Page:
Have diabetes or practice the keto diet? Your BAC may read high

On Behalf of | Aug 27, 2020 | DUI |

Individuals with diabetes, specifically Type 2 and others trying to control their glucose levels, blood sugar or carb intake levels, can benefit from practicing a low-carb lifestyle, like the keto diet. The keto diet isn’t the ultimate diet decision, as many people do not follow it, including diabetics.

If a diabetic’s blood sugar levels dip too low, which can be caused by too much insulin, specific diabetes medications, strenuous exercise, or eat very little food, specifically too little carbohydrates. If a diabetic’s blood sugar levels get too low, they could enter into a state of hypoglycemia, which increases the levels of acetone on one’s breath.

When a person with diabetes is experiencing hypoglycemia and is behind the wheel, they may exhibit the same actions of a drunk driver, including:

  • Jerky movements and swerving
  • Sudden braking and acceleration
  • Driving down the wrong road or taking the wrong exit

A hypoglycemic could also appear dizzy, clumsy, confused, shaky, confused, and could have difficulty paying attention when not behind the wheel. These are also common indicators of someone under the influence of alcohol.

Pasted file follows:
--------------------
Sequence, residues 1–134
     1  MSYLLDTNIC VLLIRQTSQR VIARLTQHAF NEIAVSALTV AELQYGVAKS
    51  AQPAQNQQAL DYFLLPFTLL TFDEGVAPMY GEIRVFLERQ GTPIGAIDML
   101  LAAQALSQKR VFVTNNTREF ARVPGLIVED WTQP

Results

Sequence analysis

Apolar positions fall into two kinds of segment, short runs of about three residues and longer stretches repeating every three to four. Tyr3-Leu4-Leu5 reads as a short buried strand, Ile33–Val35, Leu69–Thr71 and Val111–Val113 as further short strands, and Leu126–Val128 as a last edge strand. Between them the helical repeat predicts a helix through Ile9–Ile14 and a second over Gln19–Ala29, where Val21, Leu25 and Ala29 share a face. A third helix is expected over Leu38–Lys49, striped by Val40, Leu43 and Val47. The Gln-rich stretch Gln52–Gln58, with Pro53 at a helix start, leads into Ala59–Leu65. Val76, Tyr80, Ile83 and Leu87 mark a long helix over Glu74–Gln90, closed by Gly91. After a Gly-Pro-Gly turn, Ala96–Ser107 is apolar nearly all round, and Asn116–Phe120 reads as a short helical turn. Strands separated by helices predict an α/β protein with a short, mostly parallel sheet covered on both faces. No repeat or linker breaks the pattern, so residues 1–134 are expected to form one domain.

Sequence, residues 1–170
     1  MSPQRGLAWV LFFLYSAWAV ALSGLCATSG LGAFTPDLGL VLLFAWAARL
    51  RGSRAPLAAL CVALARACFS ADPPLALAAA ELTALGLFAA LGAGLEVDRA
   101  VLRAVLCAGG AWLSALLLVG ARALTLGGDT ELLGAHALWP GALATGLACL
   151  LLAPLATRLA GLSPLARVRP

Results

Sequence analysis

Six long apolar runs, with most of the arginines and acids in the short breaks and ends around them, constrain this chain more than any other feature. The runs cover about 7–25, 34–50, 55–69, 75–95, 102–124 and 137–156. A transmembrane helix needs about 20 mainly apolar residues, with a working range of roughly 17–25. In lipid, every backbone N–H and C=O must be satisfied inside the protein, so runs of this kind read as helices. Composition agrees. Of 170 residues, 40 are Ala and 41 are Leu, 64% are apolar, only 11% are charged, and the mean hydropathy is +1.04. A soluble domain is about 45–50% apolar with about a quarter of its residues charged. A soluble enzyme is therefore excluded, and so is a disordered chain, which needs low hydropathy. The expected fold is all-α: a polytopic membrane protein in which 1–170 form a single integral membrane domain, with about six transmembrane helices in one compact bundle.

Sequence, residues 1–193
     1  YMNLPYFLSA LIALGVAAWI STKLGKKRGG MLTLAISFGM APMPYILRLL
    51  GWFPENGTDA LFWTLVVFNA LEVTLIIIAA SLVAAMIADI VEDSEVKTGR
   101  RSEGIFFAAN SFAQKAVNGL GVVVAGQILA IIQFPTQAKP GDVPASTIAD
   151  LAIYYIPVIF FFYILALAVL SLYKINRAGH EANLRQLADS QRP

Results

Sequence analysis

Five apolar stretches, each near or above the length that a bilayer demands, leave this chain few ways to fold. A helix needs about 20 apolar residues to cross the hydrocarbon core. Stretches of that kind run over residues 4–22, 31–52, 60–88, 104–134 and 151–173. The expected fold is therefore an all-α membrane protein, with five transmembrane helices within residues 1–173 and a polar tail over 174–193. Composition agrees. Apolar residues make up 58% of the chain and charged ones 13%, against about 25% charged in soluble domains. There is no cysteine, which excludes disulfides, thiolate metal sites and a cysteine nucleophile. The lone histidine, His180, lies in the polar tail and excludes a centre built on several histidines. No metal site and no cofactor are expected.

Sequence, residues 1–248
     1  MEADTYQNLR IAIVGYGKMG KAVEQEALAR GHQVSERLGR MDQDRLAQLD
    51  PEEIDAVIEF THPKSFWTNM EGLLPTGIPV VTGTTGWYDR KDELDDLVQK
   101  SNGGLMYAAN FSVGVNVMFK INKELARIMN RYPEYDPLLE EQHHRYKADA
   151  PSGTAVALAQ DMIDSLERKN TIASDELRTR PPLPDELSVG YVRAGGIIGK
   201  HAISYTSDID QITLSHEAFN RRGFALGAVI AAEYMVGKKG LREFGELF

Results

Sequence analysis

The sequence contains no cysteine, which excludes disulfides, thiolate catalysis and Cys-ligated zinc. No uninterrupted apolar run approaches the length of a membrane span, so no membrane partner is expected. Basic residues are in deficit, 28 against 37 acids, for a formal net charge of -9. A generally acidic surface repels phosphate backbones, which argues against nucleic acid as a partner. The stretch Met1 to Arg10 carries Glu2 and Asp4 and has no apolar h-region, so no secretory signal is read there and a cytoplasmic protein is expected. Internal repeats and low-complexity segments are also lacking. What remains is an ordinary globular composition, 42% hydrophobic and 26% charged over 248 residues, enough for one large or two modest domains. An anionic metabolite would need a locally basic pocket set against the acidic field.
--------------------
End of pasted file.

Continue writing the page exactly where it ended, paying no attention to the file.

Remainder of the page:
What is acetone?

Acetone, a fruity, nail polish remover smelling substance can build on someone’s breath if a person with diabetes is in a state of hypoglycemia or ketoacidosis. Acetone can also show up on an individual’s breath who doesn’t have diabetes if they practice the keto diet. When your body is in ketosis, it breaks down fat to produce energy( instead of its favored energy source, glucose). Glucose creation comes from eating carbohydrates, and when our body is deprived of carbs, it relies on fat for fuel, which then increases the acetone levels in our blood and on our breath.

Those practicing the keto diet and diabetics should carefully monitor their alcohol consumption since an increase in acetone levels on one’s breath can cause a false blood alcohol concentration (BAC) reading after taking a breathalyzer test. Dependent on one’s acetone levels, the false reading could increase your breath test BAC by .06%. The legal driving limit is .08%. So if you have high acetone levels on your breath and only had one beer, you could be running the risk of being charged with a DUI.

If you do get charged with a DUI due to a possible false reading, don’t hesitate to contact a reliable and tough criminal defense attorney.